2014 IEEE Power & Energy Society Innovative Smart Grid Technologies Conference (ISGT); 02/2014
  • Source
    [Show abstract] [Hide abstract]
    ABSTRACT: Protein ubiquitination is one of the most important reversible post-translational modifications (PTMs). In many biochemical, pathological and pharmaceutical studies on understanding the function of proteins in biological processes, identification of ubiquitination sites is an important first step. However, experimental approaches for identifying ubiquitination sites are often expensive, labor-intensive and time-consuming, partly due to the dynamics and reversibility of ubiquitination. In silico prediction of ubiquitination sites is potentially a useful strategy for whole proteome annotation. A number of bioinformatics approaches and tools have recently been developed for predicting protein ubiquitination sites. However, these tools have different methodologies, prediction algorithms, functionality and features, which complicate their utility and application. The purpose of this review is to aid users in selecting appropriate tools for specific analyses and circumstances. We first compared five popular webservers and standalone software options, assessing their performance on four up-to-date ubiquitination benchmark datasets from Saccharomyces cerevisiae, Homo sapiens, Mus musculus and Arabidopsis thaliana. We then discussed and summarized these tools to guide users in choosing among the tools efficiently and rapidly. Finally, we assessed the importance of features of existing tools for ubiquitination site prediction, ranking them by performance. We also discussed the features that make noticeable contributions to species-specific ubiquitination site prediction.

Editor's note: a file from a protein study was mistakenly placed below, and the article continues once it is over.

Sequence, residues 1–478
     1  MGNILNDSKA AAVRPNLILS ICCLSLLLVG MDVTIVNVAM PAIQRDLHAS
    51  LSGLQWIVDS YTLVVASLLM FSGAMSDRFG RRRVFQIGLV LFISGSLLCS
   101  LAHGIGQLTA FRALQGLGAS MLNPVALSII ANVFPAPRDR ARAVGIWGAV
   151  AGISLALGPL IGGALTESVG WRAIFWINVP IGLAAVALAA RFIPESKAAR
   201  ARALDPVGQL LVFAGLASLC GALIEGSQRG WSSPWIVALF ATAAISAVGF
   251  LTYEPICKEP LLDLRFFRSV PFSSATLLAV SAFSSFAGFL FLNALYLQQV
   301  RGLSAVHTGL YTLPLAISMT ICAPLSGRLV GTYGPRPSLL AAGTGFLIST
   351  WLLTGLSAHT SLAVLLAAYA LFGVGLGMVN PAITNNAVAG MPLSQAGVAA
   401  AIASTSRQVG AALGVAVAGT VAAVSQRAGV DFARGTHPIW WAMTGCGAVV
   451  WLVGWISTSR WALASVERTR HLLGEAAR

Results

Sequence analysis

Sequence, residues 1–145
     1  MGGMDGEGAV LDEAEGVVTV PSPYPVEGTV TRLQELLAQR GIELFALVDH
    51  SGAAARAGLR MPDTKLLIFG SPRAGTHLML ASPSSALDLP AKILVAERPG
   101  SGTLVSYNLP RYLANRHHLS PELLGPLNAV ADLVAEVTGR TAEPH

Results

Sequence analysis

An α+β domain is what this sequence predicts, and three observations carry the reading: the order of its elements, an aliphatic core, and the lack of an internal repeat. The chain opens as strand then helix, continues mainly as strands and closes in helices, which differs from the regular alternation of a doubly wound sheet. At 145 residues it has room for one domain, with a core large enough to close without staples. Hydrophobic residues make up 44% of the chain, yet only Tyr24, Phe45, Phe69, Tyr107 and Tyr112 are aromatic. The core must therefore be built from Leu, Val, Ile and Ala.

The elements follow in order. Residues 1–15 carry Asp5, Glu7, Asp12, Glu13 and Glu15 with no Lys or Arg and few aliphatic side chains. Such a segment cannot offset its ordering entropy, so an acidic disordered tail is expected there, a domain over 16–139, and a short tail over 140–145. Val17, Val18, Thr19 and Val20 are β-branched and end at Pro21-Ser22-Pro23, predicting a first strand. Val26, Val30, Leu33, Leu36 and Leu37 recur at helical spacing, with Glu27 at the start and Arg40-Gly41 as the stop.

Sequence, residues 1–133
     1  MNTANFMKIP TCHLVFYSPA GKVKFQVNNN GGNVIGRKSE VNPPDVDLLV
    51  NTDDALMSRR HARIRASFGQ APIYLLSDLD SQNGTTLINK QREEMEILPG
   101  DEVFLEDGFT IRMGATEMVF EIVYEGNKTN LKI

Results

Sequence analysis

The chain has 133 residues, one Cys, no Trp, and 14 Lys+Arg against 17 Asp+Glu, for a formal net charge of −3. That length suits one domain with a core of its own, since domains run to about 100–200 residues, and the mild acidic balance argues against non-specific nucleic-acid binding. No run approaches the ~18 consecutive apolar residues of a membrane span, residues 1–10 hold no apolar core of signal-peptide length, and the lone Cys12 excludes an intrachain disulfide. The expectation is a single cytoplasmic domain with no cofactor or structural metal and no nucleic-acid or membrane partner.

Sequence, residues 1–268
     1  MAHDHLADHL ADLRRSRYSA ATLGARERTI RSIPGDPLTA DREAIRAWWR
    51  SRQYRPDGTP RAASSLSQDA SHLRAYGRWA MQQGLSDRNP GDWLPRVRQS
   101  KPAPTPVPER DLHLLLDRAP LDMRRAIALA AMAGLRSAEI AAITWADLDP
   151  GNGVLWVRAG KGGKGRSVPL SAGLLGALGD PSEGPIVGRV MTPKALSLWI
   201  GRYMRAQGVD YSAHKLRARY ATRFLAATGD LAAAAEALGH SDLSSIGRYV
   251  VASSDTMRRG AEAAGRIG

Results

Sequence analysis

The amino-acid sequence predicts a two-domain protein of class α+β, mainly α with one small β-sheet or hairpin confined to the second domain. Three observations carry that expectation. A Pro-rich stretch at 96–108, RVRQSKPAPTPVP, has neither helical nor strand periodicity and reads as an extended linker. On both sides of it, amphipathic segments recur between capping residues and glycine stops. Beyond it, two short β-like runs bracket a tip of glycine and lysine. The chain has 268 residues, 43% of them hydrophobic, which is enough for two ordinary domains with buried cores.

Briefings in Bioinformatics 09/2014; · 5.30 Impact Factor
  • Source
    [Show abstract] [Hide abstract]